Strip Iterated Prisoner’s Dilemma

Cogspace has posited a set of rules for strip iterated prisoner’s dilemma. Without too much ado, her rules are as follows:

Alice defects, Bob defects: Each player removes two articles of clothing.
Alice defects, Bob cooperates: Bob removes three articles of clothing.
Alice cooperates, Bob defects: Alice removes three articles of clothing.
Alice cooperates, Bob cooperates: Each player removes one article of clothing.

These rules, while a simple first-order transformation of the prisoner’s dilemma to the `strip’ format, fail to take account of the reality of the situation. That is: they assume that each player would like to remain dressed no matter what. This is not the way that the real utilities play out. The actual utilities are more like this:

  • Both strip: very high utility all around.
  • One strips: low utility for stripper, moderately high utility for spectator.
  • Neither strips: moderate utility all around.

Because of this, Katie’s analysis constitutes a transformation of the game: she has changed the pareto-optimal solution per round. This distorts the nature of the game, and thereby the set of successful strategies. Indeed, Katie’s prisoner’s dilemma is no dilemma at all!

Under the standard (non-strip) version of the game, the pareto-optimal solution (the one making everyone happiest all round) is universal cooperation. However, under Katie’s strip version, the pareto-optimal solution is universal defection. There is no reason to `cooperate’ unless you need to force your partner opponent to get naked. ‘Tit for tat grudge’ under Katie’s strip rules would work backwards: defect until the other player cooperates, and cooperate from then on.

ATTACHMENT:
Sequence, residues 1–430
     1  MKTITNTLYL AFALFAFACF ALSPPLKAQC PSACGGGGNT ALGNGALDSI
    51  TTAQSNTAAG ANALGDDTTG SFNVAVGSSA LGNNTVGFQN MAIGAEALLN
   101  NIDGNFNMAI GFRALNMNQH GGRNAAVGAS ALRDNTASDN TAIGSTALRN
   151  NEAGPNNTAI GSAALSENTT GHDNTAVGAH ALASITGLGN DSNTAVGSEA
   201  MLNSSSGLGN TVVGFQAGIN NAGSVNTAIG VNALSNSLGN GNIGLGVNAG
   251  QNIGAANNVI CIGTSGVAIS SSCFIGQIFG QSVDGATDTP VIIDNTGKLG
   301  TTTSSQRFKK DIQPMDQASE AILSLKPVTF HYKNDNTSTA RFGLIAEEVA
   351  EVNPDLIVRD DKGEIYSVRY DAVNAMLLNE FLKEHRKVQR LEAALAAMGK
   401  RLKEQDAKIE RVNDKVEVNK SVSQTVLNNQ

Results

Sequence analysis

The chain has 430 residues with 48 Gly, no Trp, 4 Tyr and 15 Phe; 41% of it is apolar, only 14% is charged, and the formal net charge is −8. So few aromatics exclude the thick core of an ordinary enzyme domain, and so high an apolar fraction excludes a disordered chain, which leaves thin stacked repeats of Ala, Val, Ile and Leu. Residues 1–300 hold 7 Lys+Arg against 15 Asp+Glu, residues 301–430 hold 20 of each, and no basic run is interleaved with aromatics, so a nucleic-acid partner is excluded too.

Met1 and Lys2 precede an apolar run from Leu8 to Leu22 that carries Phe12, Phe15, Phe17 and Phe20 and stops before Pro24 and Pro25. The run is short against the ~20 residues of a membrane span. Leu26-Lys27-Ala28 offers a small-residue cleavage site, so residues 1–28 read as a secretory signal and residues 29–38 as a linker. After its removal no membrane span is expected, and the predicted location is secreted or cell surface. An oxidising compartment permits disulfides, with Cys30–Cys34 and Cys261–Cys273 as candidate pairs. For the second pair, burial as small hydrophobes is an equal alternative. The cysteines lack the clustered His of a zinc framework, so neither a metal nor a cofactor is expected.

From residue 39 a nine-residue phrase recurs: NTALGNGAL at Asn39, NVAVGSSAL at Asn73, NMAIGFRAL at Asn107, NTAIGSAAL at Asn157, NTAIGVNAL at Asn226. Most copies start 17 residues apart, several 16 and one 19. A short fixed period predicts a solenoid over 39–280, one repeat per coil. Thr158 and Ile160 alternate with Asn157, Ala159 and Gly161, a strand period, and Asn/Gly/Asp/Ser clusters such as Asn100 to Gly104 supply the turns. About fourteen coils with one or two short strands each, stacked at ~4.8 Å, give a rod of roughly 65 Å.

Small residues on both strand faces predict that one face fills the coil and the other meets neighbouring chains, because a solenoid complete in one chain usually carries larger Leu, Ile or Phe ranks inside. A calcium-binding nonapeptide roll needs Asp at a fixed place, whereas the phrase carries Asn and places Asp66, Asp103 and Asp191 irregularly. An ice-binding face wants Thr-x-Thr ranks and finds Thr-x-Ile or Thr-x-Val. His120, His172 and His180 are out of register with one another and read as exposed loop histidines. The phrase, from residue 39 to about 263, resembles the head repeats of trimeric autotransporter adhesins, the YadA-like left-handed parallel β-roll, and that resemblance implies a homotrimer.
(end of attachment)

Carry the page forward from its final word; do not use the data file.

Clearly, Katie has missed the point of `strip’ games. I’m sure that a few practical examples would be sufficient to teach her.

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About flamsmark

I do privacy at Mozilla. Years of security have left me incurably paranoid. Tech, policy, security, privacy, & anonymity are good. Open is better. GPG: 80AF07D3
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2 Responses to Strip Iterated Prisoner’s Dilemma

  1. Katie Molnar says:

    You are, of course, totally right! I just threw that post together after reading http://xkcd.com/696/. After reading your comments, I did some head-scratching but was unable to generate a set of rules that make for an interesting game. Ah well.

  2. David says:

    In order to make Strip Iterated Prisoner’s Dilemma work, all you need to do is incorporate the stripping into the defection/cooperation matrix.

    Bob and Alice are separated by a screen. Both are given the option to cooperate with the other (remove one piece of clothing) or defect (stay clothed).

    Bob and Alice both remove one piece of clothing: they stay that way.
    Bob and Alice both defect by keeping their clothes on: they are both forced to remove two items of clothing.
    Bob defects and stays clothed, Alice removes a piece of clothing: Alice is forced to remove two more items.
    Alice defects and stays clothed, Bob removes a piece of clothing: Bob is forced to remove two more items.

    This has the same set of ultimate consequences each round, but making the choice involve removing one item restores the counter-intuitive, risky nature of the original dilemma. Want to get both people naked as quickly as possible? **Don’t** strip when given the option. Want to drag out the game? Take off one piece and hope the other person doesn’t defect.

    There are other ways to do it, too, but they are variants on the original. Example: each person has the option to remove 1, 2, or 3 pieces of clothing each round; if you make the same choice as the other player then nothing changes; if you make a difference choice then whoever took off the most clothing gets to put it all back on.

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